Wednesday, June 24, 2020

Book Review: The Handmaid's Tale, by Margaret Atwood

The Handmaid's Tale by Margaret Atwood book cover and review
I've been wanting to read The Handmaid's Tale for so long. I finally picked it up and am so glad that I did.

The Handmaid's Tale deserves all the hype. Not only is it a compelling look at a very twisted future society, but it is also well written with vivid descriptions and sophisticated use of language. And it isn't bloated like most popular young adult dystopian stories seem to be.

I won't say much about the plot since I think most people know. The basic premise is the population is decreasing because most women can't have babies. So if you can, you become a Handmaid, which basically means you are assigned to some man so that you can become impregnated. While handmaids are revered and protected, they are very oppressed.

Do educators use this book in the classroom? I just think there is so much to discuss here. I don't know of any classrooms that read this.

I'm looking forward to watching the series now, although I'm sure I'll be disappointed. And I need to read the second book, The Testaments. If you are at all interested in dystopian stories, don't miss this one.

Published by McClelland and Stewart, 1985
eBook obtained from the library
320 pages

Rating: 5/5

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Monday, June 22, 2020

Book Review: Mrs. Lincoln's Sisters by Jennifer Chiaverini

I enjoyed Mrs. Lincoln's Sisters, an account of Mary Todd Lincoln's later years. It was a perfect companion to Courting Mr. Lincoln, which I read last year.

Elizabeth, Mary's oldest sister, has been informed that Mary has been institutionalized because she has attempted suicide. Her witnessing the assassination of her husband and then the death of her son just a few short years later has taken its toll. Elizabeth and most of Mary's other siblings have been estranged from Mary for years, but Elizabeth wants to help. But Mary won't answer any letters from any of her siblings. They are assured by Mary's oldest and only remaining son that she is being well taken care of.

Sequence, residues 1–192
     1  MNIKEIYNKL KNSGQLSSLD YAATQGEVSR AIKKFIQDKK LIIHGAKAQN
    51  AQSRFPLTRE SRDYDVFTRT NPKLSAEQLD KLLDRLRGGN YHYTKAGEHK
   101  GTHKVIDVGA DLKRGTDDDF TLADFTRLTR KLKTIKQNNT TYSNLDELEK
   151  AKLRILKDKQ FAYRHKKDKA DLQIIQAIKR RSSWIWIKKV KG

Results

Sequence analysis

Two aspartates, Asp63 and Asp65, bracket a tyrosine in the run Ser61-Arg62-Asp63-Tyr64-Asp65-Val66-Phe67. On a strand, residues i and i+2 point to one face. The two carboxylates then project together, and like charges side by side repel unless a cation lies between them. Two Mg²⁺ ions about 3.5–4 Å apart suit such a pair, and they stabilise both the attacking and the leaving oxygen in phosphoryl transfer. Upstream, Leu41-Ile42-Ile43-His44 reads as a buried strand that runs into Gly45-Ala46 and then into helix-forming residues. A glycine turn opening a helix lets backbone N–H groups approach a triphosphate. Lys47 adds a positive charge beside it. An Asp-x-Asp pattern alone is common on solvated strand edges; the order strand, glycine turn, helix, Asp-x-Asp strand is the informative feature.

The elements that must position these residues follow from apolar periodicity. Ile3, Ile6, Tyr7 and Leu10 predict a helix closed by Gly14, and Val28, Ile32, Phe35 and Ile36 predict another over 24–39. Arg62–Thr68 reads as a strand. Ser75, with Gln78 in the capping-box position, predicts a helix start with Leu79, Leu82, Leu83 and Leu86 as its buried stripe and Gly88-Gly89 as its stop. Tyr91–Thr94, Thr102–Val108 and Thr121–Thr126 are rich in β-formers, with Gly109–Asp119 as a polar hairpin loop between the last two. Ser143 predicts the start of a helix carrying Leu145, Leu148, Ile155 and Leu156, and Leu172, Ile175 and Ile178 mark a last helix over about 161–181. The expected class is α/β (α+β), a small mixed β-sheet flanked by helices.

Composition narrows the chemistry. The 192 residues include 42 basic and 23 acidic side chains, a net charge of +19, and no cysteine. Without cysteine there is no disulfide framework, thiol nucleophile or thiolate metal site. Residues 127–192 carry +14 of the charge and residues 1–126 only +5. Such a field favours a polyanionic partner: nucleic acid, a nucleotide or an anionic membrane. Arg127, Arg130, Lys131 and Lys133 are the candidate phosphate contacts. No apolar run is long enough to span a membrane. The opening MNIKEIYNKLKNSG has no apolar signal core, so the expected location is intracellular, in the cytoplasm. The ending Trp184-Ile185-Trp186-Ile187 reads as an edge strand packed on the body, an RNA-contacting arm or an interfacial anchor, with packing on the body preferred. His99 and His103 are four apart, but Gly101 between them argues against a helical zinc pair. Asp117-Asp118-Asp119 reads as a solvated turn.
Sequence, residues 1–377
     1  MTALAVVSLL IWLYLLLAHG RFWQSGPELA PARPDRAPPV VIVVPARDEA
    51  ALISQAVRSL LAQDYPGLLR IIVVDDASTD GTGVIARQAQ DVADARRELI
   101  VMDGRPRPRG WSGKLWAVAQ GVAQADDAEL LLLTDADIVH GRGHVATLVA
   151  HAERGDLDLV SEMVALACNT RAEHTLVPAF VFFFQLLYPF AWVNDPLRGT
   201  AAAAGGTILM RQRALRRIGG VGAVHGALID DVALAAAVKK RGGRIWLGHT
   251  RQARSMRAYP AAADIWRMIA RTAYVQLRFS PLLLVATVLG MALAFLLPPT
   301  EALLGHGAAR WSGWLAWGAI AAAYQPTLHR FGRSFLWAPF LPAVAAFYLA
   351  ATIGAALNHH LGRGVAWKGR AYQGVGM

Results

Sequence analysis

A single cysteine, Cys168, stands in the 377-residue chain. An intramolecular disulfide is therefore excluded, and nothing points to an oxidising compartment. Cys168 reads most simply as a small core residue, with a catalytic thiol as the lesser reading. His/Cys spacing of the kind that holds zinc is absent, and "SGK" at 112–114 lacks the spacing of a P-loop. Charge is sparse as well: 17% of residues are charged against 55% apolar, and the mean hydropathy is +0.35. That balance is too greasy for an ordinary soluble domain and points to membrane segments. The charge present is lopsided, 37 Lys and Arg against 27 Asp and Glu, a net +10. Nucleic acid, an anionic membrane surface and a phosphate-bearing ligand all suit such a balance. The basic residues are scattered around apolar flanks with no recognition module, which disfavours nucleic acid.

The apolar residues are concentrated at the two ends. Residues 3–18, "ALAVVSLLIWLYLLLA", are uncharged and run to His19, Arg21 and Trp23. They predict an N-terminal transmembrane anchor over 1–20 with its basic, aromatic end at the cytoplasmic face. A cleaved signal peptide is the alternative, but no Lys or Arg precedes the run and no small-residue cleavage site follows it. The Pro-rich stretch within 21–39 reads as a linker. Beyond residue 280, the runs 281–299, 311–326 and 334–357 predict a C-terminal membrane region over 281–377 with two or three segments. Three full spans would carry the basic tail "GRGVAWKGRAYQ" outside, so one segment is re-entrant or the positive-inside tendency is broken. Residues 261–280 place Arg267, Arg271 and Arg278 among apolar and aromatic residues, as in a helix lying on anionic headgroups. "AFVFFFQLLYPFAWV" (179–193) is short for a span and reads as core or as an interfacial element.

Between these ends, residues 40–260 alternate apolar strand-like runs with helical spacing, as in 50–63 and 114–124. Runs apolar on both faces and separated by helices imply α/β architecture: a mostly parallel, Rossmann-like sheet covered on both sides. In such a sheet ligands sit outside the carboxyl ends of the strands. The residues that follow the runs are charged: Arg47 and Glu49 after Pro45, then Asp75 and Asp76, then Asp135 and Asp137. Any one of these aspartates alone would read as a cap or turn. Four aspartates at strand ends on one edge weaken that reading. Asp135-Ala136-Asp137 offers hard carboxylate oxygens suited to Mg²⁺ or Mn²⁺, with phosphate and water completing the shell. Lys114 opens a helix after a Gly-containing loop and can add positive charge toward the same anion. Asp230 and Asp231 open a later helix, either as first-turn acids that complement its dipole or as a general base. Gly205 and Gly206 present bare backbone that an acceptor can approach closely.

We get varying perspectives, and therefore opinions, of what they should do about Mary from other siblings, Francis, Emilie, and Ann. They agree they must overcome their differences to help, but they don't agree on what is best.

As the current story is told, we get flashbacks all the way to Mary's childhood, the death of her mother, her education, the courtship, her political life, the Civil War, and of course, the assassination.

All in all, we get a detailed picture of Mary's life. But is she insane? Did she need to be institutionalized?

As I mentioned, Courting Mr. Lincoln did a great job of describing a mostly missing piece of the history of Abraham Lincoln, and Mrs. Lincoln's Sisters did overlap in that area a bit. But I have become somewhat enamored with the Lincolns, and really enjoyed these perspectives. What a fascinating and tragic life Mary Todd Lincoln had.

If you are interested in this piece of history, I highly recommend Chiaverini's account of Mrs. Lincoln's Sisters.

Published by William Morrow, June 2, 2020
eARC obtained from NetGalley
352 pages

Rating: 4/5

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Friday, May 29, 2020

Book Review: The Book of Longings, by Sue Monk Kidd

The Book of Longings by Sue Monk Kidd book cover and review
The Book of Longings is a heartwarming and inspiring look at Jesus' time from an interesting perspective.

Ana is our main character, and you know from the beginning that she will become the wife of Jesus. But we start with her life as a child, which was difficult. Being a woman at that time was an extreme hardship. Ana loved to write, which was forbidden, but her father indulged Ana and this made her happy. She thought he favored her so much that he wouldn't force her into an arranged marriage.

But she is betrothed to an (of course) undesirable old man. I won't tell you how that turned out. She encounters Jesus at a young age and is attracted to him, but he is of a different class. All along she tries to arrange to see him again.

Ana has an aunt that lives with them because she has been banished for allegedly poisoning her husband. She helps keep Ana safe and serves as a wise counselor.

I won't say too much more about Ana's life, although it is full of adventure and plenty of danger. We know how the story ends for Jesus, but for Ana??

Given my recent difficulties with reading, and after giving up on a couple of other books, The Book of Longings was just what I needed. Poor Ana. How difficult it would have been to be an intelligent woman living in those times. But Jesus respected her and made her happy. It was a romance that melted my heart. I'm so glad I found this book, and I highly recommend The Book of Longings if it sounds like your kind of book.

Published by Viking, April 21, 2020
eARC obtained from NetGalley
432 pages

Rating: 5/5

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Monday, April 20, 2020

Book Review: The Book of Lost Friends, by Lisa Wingate

The Book of Lost Friends, by Lisa Wingate book cover and review
Yay! I finally finished a book! It would seem that since we are all sitting at home by ourselves that it would be conducive to reading. But for me, that has not been the case...